Corn used in last week’s production is estimated at 96.07 million bushels. Corn use needs to average 103.3 million bushels per week to meet this crop year’s USDA estimate of 5 billion bushels. Stocks as of June 3 were 19.644 million bushels. That is down 2.88 percent vs. last week and it pushes up implied weekly demand to near highs for the year. USDA’s report was expected to give direction for the market until the June 30th planted acreage and grain stocks report.


The soybean market struggled last week with most contracts, ending with modest losses. For the week ending June 9, July soybeans dropped 20.75 cents while November soybeans declined 10.25 cents.

The soybean market lost ground June 6 and June 9 but was able to recover some losses in the middle of the week. Pressure was because of improving weather forecasts.

Weather was close to ideal over the past weekend as hot, dry conditions prevailed over much of the eastern Corn Belt until rain showers later moved back into the area. Adding pressure was a weaker U.S. crude oil market and higher U.S. dollar.

Losses were limited by continued concerns of delayed planting progress because of flooding in the Mississippi River and Ohio River Valley. Weather forecasts are calling for warm, dry conditions for the eastern Corn Belt, and that will help push planting progress this week. So far, producers have been concentrating more on getting corn planted, and once that task is complete, planters will roll on soybeans,

Just as was the case in the wheat market, soybeans started the June 9 session higher with most of the early strength spilling over from a sharply higher corn market (which was supported by a bullish USDA crop production report). The numbers for soybeans were not as friendly, though, as USDA increased both old crop and new crop stocks. USDA’s June Crop Production report was bearish soybeans. USDA increased old crop 2010 to ’11 soybean stocks by 10 million bushels to 180 million bushels because of a 10 million-bushel cut in exports.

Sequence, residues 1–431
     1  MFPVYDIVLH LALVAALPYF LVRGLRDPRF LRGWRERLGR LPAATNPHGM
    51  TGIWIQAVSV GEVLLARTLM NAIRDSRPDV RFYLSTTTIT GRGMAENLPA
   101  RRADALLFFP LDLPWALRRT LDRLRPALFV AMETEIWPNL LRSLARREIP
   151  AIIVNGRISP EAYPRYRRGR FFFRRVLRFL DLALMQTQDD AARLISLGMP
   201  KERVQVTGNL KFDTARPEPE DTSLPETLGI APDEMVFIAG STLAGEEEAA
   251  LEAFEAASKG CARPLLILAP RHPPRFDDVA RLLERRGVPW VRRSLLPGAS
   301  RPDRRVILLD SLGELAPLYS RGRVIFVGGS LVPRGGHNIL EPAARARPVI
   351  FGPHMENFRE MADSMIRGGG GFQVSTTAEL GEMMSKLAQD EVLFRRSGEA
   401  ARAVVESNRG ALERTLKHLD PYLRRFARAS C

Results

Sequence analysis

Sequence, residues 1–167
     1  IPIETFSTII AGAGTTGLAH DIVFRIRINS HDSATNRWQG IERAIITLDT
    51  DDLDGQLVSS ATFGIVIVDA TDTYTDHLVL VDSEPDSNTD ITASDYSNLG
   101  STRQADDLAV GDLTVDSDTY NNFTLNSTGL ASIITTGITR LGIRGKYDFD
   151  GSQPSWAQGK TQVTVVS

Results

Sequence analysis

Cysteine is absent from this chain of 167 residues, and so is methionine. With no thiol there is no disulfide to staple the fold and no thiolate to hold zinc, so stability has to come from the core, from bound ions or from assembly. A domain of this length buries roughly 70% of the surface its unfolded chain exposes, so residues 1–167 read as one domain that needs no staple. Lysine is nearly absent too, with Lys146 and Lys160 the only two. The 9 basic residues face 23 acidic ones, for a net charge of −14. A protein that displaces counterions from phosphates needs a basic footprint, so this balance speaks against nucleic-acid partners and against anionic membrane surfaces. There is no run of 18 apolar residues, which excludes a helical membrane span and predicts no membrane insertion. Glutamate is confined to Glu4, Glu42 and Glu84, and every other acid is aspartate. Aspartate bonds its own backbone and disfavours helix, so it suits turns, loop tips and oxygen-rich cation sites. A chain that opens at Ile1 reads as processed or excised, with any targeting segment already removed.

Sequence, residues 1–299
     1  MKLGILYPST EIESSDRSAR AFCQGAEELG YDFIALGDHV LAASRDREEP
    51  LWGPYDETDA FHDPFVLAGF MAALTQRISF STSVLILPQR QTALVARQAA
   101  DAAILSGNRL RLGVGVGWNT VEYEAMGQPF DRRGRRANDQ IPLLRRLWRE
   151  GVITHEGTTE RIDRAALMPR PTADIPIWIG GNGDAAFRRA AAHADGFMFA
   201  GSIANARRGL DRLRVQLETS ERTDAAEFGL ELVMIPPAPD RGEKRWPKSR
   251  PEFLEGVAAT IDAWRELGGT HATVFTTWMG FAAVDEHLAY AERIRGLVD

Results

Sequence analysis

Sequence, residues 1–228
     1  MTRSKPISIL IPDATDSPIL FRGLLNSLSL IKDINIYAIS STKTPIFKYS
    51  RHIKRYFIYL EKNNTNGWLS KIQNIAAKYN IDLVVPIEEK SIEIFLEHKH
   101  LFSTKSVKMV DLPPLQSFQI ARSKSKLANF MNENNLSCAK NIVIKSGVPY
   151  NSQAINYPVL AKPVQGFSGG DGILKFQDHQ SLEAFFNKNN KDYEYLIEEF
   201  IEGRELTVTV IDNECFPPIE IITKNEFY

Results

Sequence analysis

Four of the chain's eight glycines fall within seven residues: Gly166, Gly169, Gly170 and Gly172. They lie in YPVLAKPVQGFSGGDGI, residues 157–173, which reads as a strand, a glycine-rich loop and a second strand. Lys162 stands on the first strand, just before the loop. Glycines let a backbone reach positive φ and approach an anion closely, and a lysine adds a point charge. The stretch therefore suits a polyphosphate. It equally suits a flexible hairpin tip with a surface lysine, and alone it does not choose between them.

USDA also followed through, cutting the 2011 to ’12 soybean export pace by 20 million bushels. The 30 million-bushel adjustment moved right on through to show up as a 30 million-bushel increase in soybeans’ 2011 to ’12 ending stocks estimate, now estimated at 190 million bushels.


Cash bids in Minneapolis for feed barley were $5.15 and malting barley bids were at $7.50.


June 9 cash bids for milling quality durum were at $14 in Berthold, N.D., while bids in Dickinson, N.D., were at $13.60.


Canola futures on the Winnipeg, Manitoba, exchange closed $4.30 (Canadian) lower for the week ending June 9. The canola market was under pressure from improving weather in the Northern Plains. Additional pressure was because of a strong Canadian dollar and from spillover selling from a weaker EU rapeseed market. Losses were kept in check by slow planting progress.

Dry beans

As of June 5, North Dakota was 28 percent planted compared with 10 percent the previous week and 81 percent for the five-year average Minnesota was 62 percent planted compared with 41 percent the previous week and 87 percent for the five-year average.